A recent study has revealed that in, reaching a net-zero emission economy by 2030, Latin America and the Caribbean (LAC) will be generating 19 million more jobs in plant-based production alone.
A study published by the International Labour Organization and the Inter-American Development Bank has unveiled that the conversion to a net-zero emission economy in LAC will create them 22.5 million jobs by 2030. The study, entitled ‘Jobs in a net-zero emissions future in Latin America and the Caribbean’, indicates 19 million of these jobs will be based in plant-based production.
LAC would witness a rise in 15 million more jobs than if the continent were to continue working as usual. And while the livestock, poultry, dairy and fishing industries would see a loss of 4.3 million jobs; 17% of the world’s greenhouse gas emissions would also mitigated.
Jobs included in this scenario would be seen in sustainable agriculture, vegan food and ecotourism. The study states: “It would provide greater opportunities for smallholders. And family members as well as healthier diets for the population at large.”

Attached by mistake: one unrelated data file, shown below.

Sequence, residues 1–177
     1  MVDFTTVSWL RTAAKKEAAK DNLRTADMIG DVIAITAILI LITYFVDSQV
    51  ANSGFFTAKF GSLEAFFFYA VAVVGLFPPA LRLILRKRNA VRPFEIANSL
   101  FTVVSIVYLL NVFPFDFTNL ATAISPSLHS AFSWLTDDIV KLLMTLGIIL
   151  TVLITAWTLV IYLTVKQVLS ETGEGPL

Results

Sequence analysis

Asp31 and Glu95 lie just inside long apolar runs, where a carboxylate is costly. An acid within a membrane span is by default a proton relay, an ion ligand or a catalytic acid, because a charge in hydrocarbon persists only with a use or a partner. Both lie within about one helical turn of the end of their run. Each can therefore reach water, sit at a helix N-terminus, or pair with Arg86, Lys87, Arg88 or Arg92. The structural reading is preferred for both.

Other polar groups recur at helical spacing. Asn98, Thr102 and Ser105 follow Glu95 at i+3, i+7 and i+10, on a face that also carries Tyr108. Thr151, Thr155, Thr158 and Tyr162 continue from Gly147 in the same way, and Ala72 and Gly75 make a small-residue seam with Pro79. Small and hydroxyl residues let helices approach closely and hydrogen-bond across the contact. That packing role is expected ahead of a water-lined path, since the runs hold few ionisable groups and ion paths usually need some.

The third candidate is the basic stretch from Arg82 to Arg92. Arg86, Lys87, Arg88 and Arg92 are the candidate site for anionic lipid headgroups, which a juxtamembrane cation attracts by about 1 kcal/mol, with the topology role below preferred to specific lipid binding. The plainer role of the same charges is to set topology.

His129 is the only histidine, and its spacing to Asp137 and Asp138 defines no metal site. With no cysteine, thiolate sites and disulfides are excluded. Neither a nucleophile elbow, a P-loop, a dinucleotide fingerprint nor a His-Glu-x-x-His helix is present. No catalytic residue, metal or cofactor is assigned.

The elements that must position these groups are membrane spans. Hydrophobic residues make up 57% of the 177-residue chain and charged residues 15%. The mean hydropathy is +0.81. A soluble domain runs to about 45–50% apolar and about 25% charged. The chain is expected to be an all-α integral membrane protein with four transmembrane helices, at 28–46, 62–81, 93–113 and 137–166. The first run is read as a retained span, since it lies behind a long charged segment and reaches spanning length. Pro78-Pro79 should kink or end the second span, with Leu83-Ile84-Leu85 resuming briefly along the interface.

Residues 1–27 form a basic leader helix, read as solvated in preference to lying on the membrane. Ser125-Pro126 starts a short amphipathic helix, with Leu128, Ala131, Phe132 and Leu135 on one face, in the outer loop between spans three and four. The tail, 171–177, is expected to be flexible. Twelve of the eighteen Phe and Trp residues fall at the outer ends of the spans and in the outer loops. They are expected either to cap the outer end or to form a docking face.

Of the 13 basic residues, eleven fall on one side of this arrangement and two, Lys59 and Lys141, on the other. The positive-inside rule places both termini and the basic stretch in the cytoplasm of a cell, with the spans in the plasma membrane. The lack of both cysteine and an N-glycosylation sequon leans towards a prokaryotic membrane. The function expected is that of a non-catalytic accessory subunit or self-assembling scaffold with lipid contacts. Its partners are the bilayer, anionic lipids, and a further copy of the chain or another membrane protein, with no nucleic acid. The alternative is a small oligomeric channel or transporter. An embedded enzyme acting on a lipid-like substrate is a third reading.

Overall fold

With only 7.2% of a representative sample of LAC meeting WHO targets — as seen in a Latin American Study of Nutrition and Health study — including more portions of fruit and vegetables in their diets could only prove beneficial. Especially as a further 81% of deaths in LAC by 2030 will caused by diseases. That linked to dietary consumption too.
However, it is important to note. That this study is only an exploration of “the potential impact of structural changes in the energy and food sectors”.
And not an exact forecast of the way trends are currently proceeding. While a transition to vegan diets will bring millions of people jobs, healthier lifestyles, and a less polluted environment; it is a massive task for any leader to take on.
The scenario would entail cutting the equivalent of over 25% of global beef production. And 20% of the world’s poultry production for the LAC region. With meat and poultry demands continuously on the rise — 2.45% and 4.1% in the last year respectively — it might be difficult for somewhere so traditionally centred to transition successfully.
Nonetheless, it is a clear indication of an ideal scenario in LAC. Where the population could easily switch in the industry, both on a cultural level and financially. With a forecast yearly growth of 6.9% in the South American plant protein market between 2018 and 2023; this scenario might not be too far off.